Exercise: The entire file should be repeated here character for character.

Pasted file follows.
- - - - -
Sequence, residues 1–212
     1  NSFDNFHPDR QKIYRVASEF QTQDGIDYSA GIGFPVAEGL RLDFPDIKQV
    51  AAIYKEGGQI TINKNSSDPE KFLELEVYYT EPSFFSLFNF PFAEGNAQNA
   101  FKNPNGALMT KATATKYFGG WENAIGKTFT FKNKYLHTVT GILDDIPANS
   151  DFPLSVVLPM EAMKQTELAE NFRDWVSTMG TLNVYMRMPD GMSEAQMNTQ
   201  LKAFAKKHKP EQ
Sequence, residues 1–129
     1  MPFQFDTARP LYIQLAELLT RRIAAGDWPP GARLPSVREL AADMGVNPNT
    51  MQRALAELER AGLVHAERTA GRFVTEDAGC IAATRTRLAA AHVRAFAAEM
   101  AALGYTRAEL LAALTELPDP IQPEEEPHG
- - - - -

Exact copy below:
Sequence, residues 1–212
     1  NSFDNFHPDR QKIYRVASEF QTQDGIDYSA GIGFPVAEGL RLDFPDIKQV
    51  AAIYKEGGQI TINKNSSDPE KFLELEVYYT EPSFFSLFNF PFAEGNAQNA
   101  FKNPNGALMT KATATKYFGG WENAIGKTFT FKNKYLHTVT GILDDIPANS
   151  DFPLSVVLPM EAMKQTELAE NFRDWVSTMG TLNVYMRMPD GMSEAQMNTQ
   201  LKAFAKKHKP EQ
Sequence, residues 1–129
     1  MPFQFDTARP LYIQLAELLT RRIAAGDWPP GARLPSVREL AADMGVNPNT
    51  MQRALAELER AGLVHAERTA GRFVTEDAGC IAATRTRLAA AHVRAFAAEM
   101  AALGYTRAEL LAALTELPDP IQPEEEPHG